July 5, 2012 -- Portraits of U.S. Olympic athletes that have been slammed for "shoddy" lighting and awkward poses of such stars as Michael Phelps were the result of lack of preparation time and supplies, the photographer said today in the face of widespread criticism.
Joseph Klamar of Agence France Presse took photographs of dozens of soon-to-be U.S. Olympians during the Olympic Media Summit in May. The photos were leaked online this week, landing on the aggregation website Reddit, where they unleashed a firestorm of criticism over how they portray the athletes.
The pictures feature swimmer Michael Phelps cast in nearly total darkness, with his face and body partially obscured, as well as gymnasts holding awkward poses against small-screen backdrops. A large, wrinkled American flag hangs behind one athlete, while another poses atop ripped white paper.
"I saw the first photo and went, hmmm, it's not horrible, then it just went downhill," wrote one Reddit user. "My stomach drops and I just get so upset when I see stuff like this."
"They're photographing some of the world's most elite athletes, they've spent years of dedicated training and perhaps their entire lives to the sport. Countless hours, sweat, grit, determination into their craft. The picture is supposed to represent them in all their glory, their determination, the fact that they're not even the 1% but the .01% of the world's athletic group," another Reddit user wrote.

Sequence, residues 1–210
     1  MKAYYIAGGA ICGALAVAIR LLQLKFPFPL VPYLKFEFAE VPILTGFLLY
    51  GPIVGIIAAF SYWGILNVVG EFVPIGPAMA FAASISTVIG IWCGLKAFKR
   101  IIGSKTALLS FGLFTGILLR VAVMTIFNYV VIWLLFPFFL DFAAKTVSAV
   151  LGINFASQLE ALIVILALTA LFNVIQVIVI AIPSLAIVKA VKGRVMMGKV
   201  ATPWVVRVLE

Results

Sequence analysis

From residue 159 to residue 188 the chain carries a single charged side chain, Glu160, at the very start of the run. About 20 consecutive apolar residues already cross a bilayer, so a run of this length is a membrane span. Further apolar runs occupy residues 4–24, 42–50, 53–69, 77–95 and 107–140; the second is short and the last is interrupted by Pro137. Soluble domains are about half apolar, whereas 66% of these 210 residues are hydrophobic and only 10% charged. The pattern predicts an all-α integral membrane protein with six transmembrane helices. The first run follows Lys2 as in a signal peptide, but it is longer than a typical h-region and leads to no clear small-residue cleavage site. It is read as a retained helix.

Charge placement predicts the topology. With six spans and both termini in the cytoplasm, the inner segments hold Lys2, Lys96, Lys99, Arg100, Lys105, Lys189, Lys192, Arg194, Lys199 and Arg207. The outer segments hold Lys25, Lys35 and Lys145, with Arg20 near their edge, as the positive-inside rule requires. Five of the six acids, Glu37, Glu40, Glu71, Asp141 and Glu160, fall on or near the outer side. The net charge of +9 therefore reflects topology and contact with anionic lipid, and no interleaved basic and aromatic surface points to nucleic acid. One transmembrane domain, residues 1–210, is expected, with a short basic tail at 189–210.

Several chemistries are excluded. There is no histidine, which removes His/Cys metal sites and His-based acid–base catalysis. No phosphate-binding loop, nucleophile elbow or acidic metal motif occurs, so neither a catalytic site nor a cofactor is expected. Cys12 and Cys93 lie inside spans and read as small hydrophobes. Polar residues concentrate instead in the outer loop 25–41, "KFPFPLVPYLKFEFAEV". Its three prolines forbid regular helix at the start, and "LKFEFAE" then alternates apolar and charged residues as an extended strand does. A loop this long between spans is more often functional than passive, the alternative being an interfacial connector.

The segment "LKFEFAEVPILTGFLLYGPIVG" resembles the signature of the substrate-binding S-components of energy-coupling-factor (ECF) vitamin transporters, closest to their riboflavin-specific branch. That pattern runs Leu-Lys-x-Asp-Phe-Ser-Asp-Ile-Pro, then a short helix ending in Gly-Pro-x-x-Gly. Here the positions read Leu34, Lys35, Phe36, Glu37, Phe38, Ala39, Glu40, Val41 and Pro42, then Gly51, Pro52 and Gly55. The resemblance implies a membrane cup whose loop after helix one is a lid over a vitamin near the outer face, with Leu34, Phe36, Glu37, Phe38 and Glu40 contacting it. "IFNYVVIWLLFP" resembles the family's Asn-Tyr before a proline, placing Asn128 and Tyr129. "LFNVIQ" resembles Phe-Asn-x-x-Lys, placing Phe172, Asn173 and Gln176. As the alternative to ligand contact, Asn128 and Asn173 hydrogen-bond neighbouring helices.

The photos are noticeably unpolished, which led some to speculate that Klamar purposefully tried to portray the athletes as more "human" than in many Photoshop-aided portraits.
"We don't have to accept the airbrushed, Photoshopped concept of beauty any more," one commenter said. "Photographers and art directors have done that forever, and lots of us would rather see what actually happened in front of the lens."
Klamar, however, said that the real reason the photos came out looking the way they did was because he didn't know he was being sent to take portraits.
Klamar said in a statement today that AFP had never before been invited to attend the summit, and did not know that they would be able to set up a studio for the portraits.
"I thought I was going to photograph athletes on stage, or during a press conference," says the photographer. "But when I arrived in the morning, all my colleagues had already set up their mini-studio with professional lighting, backdrops, props and ... Me, nobody told me there would be the possibility to set up a studio. It was a very embarrassing situation. "
Klamar said that a fellow photographer shared his studio setup, allowing Klamar to shoot a quick succession of photos of each athlete. He declined to comment to ABC News.
Agence France Presse dismissed the criticism against Klamar, saying that he had not been hired to do advertising but rather journalism. Marlowe Hood, writing for AFP's Correspondent blog, wrote that she liked the pictures.
"When I first saw Joe Klamar's pictures of US Olympic athletes, I didn't understand what all the fuss was about. As far as I could see, Joe had done what he does best: bring an original, insightful vision onto whatever he trains his camera-ready eye, as often as not a sports-related story," she wrote.